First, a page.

Sunday, May 27, 2012

RIP 2012

Today is May 27th, so 2012 is not exactly nearing its climax. But for me, it is over.
For those of you who know me well, you know that I love baseball more than any other sport. The reason is simple - it is the greatest sport of all time. Those who know me also know that I have split loyalty between the team from my birth state and the team from my home state for the past 21 years. The numbers above are the current records of my Twins and Rockies, respectively. 
This season could not go much worse for the two organizations that I love. Let's start up north. 

Minnesota Twins
My expectations were extremely low heading into this season. To quote my preseason predictions

My Twins had the worst possible season last year with injuries at an all-time high and production at an all-time low. Their pitching staff scares me a bit, but I can't see them being worse than last year. Still no playoffs for the Twinkies this year.

I predicted the Twins to finish third in the AL Central. As an organization, they seem to find a way to fight through all the injuries, lost free agents, bad breaks, and still find a way to get close at the end of the season. This year, they will be lucky to finish with the third to worst record in MLB. Being in a different market and too cheap to buy MLB Extra Innings, I can't follow the Twins as closely as I would like. This leaves me slightly under-educated on the issues plaguing this edition of Twins baseball. The pitching has been weak, as everyone saw coming in. When 24 of your games have been started by Liriano (6.88 BB/9), Blackburn (8.37 ERA), Hendriks (15.0 H/9), and Marquis (DFA), you cannot possibly expect a winning record. I still was hoping that a healthy Mauer, a less concussed Morneau, and lots of speed in Span and Revere would keep them in contention for a while. Not so much. It doesn't matter how much your offense is clicking, when your pitching staff is giving up the most runs per game in the majors, wins won't happen.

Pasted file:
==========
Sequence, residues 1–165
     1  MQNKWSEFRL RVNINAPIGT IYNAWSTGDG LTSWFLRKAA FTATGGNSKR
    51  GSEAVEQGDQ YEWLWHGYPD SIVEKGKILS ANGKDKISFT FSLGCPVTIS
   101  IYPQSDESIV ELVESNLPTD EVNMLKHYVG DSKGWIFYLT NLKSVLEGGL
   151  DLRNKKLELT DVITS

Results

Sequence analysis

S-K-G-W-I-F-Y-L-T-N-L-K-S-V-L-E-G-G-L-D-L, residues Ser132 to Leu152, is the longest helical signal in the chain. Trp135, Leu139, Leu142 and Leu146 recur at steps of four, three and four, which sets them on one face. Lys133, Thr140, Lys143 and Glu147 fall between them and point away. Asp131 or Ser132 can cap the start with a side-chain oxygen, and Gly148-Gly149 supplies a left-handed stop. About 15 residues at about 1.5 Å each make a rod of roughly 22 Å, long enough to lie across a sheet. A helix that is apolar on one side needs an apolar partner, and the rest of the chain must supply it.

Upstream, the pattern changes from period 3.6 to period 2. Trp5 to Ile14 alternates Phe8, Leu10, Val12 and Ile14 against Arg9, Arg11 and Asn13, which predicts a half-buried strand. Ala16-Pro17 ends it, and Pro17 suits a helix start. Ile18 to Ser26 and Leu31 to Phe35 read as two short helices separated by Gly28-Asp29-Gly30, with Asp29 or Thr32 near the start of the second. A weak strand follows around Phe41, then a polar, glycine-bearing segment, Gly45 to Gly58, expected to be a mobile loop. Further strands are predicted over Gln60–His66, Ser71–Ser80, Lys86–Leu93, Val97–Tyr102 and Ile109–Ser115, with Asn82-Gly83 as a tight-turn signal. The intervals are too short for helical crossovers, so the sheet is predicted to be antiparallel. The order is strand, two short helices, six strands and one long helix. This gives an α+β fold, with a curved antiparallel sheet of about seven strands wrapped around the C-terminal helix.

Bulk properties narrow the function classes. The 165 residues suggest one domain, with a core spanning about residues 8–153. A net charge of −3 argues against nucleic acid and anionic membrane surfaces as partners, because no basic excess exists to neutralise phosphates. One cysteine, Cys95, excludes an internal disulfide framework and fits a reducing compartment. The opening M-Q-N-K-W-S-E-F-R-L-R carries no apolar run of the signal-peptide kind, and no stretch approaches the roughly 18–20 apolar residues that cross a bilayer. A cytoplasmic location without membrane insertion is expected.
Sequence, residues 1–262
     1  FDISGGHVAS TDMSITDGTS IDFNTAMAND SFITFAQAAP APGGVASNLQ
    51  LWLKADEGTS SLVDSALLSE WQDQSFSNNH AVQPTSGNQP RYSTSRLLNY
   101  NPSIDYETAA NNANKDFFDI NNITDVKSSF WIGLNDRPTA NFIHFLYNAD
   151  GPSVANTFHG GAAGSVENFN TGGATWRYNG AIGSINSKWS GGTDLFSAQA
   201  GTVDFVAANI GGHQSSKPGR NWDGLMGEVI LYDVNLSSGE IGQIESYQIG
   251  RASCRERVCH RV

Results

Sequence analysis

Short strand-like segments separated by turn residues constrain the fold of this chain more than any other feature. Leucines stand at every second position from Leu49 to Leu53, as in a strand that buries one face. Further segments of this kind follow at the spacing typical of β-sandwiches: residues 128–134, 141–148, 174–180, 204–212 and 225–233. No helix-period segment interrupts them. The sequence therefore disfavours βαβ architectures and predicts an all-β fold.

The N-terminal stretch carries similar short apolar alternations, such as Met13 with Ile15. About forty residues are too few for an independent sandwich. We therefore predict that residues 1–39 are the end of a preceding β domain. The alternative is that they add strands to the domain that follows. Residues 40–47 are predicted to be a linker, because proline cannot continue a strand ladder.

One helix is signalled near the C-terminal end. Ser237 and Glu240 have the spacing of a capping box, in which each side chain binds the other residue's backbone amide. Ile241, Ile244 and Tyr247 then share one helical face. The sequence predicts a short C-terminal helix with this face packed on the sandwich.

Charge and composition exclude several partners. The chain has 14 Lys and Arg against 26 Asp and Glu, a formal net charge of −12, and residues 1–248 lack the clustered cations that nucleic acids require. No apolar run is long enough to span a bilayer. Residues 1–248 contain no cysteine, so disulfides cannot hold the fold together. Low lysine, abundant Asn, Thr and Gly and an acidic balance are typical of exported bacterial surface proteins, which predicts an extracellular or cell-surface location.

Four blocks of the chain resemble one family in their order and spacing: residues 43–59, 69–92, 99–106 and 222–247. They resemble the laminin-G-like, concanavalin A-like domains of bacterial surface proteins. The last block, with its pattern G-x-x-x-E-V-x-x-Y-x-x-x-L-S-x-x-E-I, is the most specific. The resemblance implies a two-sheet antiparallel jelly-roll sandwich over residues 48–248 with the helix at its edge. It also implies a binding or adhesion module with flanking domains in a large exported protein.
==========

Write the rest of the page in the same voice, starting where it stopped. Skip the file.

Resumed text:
When it comes down to it, I lived through the Twins seasons between the World Series victory in 1991 (and the winning record the next season) and when they finally returned to relevance in 2001. I know and have experienced bad Twins baseball. This is just another one of those years. The same 'meh' feeling does not apply to me this year with the purple pinstripes.

Colorado Rockies
At the beginning of the season, I had the Rockies finishing in third place in the NL West. This prediction was based on the confusion stemming from the plethora of roster changes, the youth of the pitching staff, and the relative parity of the division. During the end of 2011 and this past offseason, O'Dowd was busy putting his newest mark on the franchise. (I say newest because he's changed his mind over and over during his tenure. Remember Hampton and Neagle and the big money free agent pitchers? How about Todd and the Toddlers and GenR?) The general theme was swapping out what the front office considered to be young busts with veteran players who 'knew how to win'. Gone were Seth Smith, Chris Iannetta, Ian Stewart, Jason Hammel, Greg Reynolds, and Casey Weathers. In were Jamie Moyer, Jeremy Guthrie, Marco Scutero, Casey Blake, Ramon Hernandez, and Michael Cuddyer. I saw this change as a way for the Rockies to contend until the young talent the Rockies had acquired could move up through the minor league system.